While the U.N. accused Blackstone of needlessly renovating their rental properties and using that as an excuse to raise rental prices and disabling their renters to pay the rent, is that truly the case? There are mixed signals sent by the company Invitation Homes itself and its tenants. While some renters complain about the quality of service provided, the ratings of the company continue to be high, and their retention rate is higher than many other institutions. The fact is, landlords—whether company or individual—have to compensate for renovations and maintenance by raising the price of housing.
David explains that while Blackstone is one of the largest home-purchasing institutions in the nation, they only represent 0.5% of the single-family homes for rent in the U.S. Their role in the housing economy isn’t one of vast influences. Their actions will not make or break the rental housing economy. Some companies also purchase homes with the goal of “flipping” them—not renting them. This is a popular way to transform a home into an investment. A company or individual will purchase a run-down or older home and renovate “flip” the house and sell it for profit. Not all companies are purchasing homes for rent.
Financialization drives up home prices—not rental prices
Rental prices may remain relatively the same at $1,480/month. Single-family home prices, however, continue to rise due to financialization. This is caused by the cap rate on homes, which continues to drop as investors want to purchase more and more housing to either flip or rent. While rental prices have gone up 2.5% on average for the past seven years, home prices have soared. A home that cost $149,000 in 2012 now costs $226,800. The competition in purchasing a home has only become steeper with the introduction of industries and companies like Invitation Homes, and the ability of individuals across the globe to purchase homes through Roof Stock without even the goal of living in the home. This makes it extremely difficult for first-time homeowners because they are having to compete with so many different types of competitors.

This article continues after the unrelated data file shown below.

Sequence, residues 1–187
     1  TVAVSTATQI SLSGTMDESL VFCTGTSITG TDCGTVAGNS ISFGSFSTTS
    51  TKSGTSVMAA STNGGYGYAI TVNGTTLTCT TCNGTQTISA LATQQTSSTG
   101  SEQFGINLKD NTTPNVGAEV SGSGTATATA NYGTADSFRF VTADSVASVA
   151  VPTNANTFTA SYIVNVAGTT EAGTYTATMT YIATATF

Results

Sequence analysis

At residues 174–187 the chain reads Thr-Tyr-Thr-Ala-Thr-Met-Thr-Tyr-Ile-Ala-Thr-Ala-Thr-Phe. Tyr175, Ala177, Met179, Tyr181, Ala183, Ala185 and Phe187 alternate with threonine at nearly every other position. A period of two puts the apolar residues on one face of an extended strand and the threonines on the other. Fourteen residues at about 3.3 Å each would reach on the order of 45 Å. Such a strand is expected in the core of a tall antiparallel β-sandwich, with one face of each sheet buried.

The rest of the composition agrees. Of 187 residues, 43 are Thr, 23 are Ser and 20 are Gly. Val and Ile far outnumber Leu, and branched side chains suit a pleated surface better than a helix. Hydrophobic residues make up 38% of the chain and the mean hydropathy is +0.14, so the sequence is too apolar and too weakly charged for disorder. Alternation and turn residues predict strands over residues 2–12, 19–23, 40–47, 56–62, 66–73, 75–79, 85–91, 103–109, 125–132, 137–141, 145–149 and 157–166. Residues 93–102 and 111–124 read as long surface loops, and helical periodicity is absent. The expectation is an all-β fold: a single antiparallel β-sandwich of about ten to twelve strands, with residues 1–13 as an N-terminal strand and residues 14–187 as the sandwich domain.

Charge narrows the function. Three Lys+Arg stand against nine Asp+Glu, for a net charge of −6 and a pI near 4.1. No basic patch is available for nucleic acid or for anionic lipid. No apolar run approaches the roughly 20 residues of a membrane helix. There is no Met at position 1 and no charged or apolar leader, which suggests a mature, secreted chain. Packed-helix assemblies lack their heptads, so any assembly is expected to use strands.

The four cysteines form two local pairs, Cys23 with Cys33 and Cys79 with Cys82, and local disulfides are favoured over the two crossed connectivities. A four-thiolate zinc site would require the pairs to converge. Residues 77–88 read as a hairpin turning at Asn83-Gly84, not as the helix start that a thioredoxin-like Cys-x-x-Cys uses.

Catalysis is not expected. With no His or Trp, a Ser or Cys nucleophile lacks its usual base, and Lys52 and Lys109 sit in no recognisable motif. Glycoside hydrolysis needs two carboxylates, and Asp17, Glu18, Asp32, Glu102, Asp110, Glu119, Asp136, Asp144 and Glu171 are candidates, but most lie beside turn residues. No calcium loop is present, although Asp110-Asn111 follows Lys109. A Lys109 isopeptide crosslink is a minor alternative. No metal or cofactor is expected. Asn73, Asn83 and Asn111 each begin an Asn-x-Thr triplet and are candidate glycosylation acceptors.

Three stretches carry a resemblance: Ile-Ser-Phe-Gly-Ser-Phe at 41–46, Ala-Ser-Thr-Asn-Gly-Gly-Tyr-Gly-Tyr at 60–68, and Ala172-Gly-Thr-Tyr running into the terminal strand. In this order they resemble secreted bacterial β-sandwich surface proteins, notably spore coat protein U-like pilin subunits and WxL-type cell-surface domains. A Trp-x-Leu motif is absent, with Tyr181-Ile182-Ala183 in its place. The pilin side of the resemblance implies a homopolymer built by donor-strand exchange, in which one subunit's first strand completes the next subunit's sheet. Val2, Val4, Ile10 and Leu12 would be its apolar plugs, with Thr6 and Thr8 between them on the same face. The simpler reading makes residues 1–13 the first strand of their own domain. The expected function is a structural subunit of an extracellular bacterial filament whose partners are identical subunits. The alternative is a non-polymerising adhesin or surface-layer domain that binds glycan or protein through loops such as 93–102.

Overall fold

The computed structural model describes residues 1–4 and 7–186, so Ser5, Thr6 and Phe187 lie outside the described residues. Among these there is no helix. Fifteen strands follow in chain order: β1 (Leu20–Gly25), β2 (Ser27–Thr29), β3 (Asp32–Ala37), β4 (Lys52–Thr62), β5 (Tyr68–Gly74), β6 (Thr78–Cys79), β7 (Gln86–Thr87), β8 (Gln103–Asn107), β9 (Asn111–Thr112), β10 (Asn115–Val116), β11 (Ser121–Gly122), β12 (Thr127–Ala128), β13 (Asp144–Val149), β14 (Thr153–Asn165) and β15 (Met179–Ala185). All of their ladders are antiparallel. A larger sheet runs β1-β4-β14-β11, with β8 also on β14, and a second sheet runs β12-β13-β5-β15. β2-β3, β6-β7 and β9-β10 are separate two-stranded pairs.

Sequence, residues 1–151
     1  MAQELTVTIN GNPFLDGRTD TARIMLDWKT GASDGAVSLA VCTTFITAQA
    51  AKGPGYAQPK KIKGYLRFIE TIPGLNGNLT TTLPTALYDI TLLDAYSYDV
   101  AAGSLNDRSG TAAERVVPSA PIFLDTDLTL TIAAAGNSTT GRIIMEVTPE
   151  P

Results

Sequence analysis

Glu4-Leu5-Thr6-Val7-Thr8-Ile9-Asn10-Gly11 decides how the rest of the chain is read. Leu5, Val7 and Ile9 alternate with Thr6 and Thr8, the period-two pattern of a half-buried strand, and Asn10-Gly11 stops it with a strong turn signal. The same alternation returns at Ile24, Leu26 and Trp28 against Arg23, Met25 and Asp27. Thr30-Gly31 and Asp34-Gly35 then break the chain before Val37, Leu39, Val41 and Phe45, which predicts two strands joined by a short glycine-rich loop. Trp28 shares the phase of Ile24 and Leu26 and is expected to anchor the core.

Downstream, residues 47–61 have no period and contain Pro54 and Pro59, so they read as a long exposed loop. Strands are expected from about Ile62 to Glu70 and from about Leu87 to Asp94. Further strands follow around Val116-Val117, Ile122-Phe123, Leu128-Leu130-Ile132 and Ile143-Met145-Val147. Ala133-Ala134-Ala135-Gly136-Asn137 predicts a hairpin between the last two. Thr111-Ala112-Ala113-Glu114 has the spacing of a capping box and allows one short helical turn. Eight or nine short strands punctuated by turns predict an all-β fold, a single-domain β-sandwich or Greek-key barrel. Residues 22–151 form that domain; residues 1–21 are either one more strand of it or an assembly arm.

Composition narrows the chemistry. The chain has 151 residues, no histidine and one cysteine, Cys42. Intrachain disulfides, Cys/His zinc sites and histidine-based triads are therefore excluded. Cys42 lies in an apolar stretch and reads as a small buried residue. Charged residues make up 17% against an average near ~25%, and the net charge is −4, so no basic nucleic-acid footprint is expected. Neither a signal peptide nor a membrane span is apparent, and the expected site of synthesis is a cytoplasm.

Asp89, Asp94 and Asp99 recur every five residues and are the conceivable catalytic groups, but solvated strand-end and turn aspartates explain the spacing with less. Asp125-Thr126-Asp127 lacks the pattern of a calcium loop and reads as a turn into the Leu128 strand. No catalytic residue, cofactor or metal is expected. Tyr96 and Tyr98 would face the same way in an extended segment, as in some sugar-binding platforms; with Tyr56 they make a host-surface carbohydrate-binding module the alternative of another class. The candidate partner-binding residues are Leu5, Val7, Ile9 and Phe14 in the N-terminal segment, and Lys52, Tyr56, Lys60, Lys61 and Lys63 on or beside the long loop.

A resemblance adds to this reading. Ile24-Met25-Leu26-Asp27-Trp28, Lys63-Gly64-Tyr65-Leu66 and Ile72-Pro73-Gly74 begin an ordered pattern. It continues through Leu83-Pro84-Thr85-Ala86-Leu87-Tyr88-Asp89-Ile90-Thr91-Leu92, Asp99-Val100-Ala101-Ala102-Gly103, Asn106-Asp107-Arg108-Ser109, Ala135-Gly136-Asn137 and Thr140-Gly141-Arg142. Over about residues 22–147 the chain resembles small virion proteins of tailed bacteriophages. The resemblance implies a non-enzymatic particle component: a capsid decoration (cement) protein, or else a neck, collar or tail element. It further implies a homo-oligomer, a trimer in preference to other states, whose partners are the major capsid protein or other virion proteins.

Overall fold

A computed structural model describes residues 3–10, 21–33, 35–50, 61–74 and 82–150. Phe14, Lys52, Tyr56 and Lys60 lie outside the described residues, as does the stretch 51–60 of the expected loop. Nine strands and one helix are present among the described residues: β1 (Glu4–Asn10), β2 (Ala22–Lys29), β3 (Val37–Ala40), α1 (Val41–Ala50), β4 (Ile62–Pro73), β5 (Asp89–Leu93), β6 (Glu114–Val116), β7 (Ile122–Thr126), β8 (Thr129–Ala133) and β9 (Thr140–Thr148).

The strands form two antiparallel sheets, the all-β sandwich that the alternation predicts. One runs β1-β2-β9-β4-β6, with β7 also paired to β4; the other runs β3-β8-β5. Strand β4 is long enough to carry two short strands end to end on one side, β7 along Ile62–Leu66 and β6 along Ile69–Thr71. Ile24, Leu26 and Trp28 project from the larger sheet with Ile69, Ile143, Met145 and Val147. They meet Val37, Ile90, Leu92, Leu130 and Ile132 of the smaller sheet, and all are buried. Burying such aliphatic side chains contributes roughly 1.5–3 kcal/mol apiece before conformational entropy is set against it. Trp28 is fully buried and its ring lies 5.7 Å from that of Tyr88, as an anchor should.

The housing crisis for those with lower incomes
The true crisis, however, lies in finding affordable housing for those with low income. 25% of all U.S. renters belong to the extremely low-income profile. 71% of those low-income renters are spending more than half of their income on housing and utilities. In order for landlords to make a 5% yield on their rental property—the current, expected cap rate—they have to charge more than $1,500/month. In order to make a rental property a viable source of profit, landlords have to charge that much. Low-income individuals and families, however, simply cannot pay that. The housing market is definitely broken in this respect.
David suggests two solutions to this issue. Subsidization of the production and operation of affordable housing or the provision of assistance to low-income households so that they can afford the better housing are both ways that the financial gap could be closed. Listen to the whole episode for more examples of how financialization has shaped the housing economy and why it is both an asset and a detriment.
- [0:17] The concern of the U.N. with houses being treated as a commodity vs. a right.
- [2:27] The rise of rent-backed securities and the debated role of Blackstone.
- [8:20] The impact of single institutions on the national rent average.
- [9:59] House flipping vs. renting.
- [11:34] Buying a home to rent through a company.
- [12:56] David’s personal experience with being outbid on a house.
- [14:25] Why financialization is driving up home prices—not rent.
- [19:48] The housing crisis for those with low income.
- [22:53] Possible solutions for the rental housing crisis.